Reading Ferdowsi in Tehran

The picture depicts a page from The Book of Kings, known in Farsi as Shahnameh, written by the Persian epic poet Ferdowsi 400 years ago. (ATTA KENARE/AFP/Getty Images)

The picture depicts a page from The Book of Kings, known in Farsi as Shahnameh, written by the Persian epic poet Ferdowsi 400 years ago. (ATTA KENARE/AFP/Getty Images)

Despite numerous changes over the years, classical texts have remained the basis for Persian literature studies in Iranian schools, from the old madrasas to the present day. This has led to endless heated debates over what to include and what to leave out of the school syllabus.

Like other countries, children in Iran do not read as much as they should, and so for many young people school is their first exposure to influential classical works. Consequently, for years Persian literature studies have drawn great interest from government figures, often resulting in political, religious and cultural factors being the dominant force behind any changes made to the school curriculum.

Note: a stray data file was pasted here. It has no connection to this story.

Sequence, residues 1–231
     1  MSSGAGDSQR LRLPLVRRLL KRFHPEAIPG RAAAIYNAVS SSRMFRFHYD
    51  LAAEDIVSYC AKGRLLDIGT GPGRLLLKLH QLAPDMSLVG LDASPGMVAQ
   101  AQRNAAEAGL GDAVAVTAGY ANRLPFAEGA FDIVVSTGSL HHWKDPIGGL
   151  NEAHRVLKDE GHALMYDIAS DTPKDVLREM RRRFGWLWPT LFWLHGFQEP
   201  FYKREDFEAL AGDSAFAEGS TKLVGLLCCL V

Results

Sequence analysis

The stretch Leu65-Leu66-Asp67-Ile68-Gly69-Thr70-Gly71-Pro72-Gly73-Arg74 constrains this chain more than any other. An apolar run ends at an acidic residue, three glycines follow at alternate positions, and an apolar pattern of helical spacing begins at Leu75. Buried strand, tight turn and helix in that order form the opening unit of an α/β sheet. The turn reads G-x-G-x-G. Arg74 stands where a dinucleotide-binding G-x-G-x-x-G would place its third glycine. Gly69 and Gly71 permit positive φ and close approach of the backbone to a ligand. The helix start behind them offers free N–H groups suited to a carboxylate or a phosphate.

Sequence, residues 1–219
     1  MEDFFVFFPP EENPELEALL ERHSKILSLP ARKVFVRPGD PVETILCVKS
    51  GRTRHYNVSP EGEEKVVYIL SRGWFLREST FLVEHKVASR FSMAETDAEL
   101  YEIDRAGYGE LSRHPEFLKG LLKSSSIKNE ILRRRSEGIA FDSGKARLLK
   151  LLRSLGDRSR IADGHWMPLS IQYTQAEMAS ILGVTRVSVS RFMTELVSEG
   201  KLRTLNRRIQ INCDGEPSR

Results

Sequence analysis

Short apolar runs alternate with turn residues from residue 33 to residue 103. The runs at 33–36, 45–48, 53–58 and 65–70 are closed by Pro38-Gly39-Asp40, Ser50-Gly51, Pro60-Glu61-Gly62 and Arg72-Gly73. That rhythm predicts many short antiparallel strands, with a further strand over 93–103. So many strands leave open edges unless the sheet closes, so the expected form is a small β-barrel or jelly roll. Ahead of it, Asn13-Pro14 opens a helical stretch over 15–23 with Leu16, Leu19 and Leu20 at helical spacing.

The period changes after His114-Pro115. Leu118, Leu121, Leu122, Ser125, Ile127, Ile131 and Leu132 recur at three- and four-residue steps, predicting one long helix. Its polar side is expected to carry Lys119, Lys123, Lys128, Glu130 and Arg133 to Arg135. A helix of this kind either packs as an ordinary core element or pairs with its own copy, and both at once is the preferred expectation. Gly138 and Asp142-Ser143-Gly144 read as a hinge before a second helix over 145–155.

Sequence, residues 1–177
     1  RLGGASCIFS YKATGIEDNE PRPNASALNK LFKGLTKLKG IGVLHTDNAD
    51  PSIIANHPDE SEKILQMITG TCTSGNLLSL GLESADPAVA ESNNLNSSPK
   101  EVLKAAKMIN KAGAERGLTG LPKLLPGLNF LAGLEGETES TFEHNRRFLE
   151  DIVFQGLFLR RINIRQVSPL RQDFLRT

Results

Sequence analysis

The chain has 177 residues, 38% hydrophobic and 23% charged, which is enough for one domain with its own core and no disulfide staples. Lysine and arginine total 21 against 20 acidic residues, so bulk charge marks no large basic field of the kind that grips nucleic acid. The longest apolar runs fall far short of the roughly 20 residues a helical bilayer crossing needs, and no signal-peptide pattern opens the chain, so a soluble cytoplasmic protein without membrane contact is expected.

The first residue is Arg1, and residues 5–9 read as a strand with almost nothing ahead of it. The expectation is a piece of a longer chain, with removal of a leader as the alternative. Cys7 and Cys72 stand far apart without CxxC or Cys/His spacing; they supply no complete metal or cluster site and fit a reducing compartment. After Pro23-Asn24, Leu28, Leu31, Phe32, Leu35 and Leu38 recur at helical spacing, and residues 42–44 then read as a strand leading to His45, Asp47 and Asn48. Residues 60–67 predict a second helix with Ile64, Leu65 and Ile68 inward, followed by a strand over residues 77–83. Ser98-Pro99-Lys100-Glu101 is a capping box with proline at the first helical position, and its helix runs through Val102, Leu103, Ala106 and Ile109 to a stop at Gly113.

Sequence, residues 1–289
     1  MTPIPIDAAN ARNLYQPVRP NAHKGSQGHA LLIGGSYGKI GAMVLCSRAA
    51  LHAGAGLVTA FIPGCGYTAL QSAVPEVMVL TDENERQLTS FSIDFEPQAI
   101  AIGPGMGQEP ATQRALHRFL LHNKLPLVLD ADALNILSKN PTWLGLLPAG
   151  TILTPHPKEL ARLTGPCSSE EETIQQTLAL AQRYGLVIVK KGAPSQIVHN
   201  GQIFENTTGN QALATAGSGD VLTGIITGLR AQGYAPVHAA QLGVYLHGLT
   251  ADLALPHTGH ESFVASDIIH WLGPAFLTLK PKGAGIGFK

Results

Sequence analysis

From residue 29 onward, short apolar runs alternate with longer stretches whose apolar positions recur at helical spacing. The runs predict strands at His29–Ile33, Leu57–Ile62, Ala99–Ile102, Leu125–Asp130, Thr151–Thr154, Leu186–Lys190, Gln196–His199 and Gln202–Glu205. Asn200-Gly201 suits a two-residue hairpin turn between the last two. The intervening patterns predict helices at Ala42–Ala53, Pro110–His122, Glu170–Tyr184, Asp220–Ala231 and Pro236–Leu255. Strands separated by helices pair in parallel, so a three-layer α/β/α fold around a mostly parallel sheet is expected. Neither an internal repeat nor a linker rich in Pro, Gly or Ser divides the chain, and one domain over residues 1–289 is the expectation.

Iran’s greatest and most controversial poet

Since the 1979 Iranian revolution, numerous restrictions have been placed on the inclusion of a variety of Persian poets’ and writers’ works in Iranian schoolbooks. Of all these classical poets, the most controversial is perhaps Abu’l-Qasim Ferdowsi, whose thousand-year-old epic poem, the Shahnameh, or Book of Kings, recounts the legends of Iran’s mythical early kings before moving into the historical period up to the end of the pre-Islamic era. The poem, which touches on themes such as family values, friendship and love, has sparked debates about nationalism and Iranian identity since the days of the Shah. The epic studies the basis for the rise and fall of individuals and nations, and the outward manifestation of good and evil. Many disagree about Ferdowsi’s presentation in his poem of the role and validity of a king.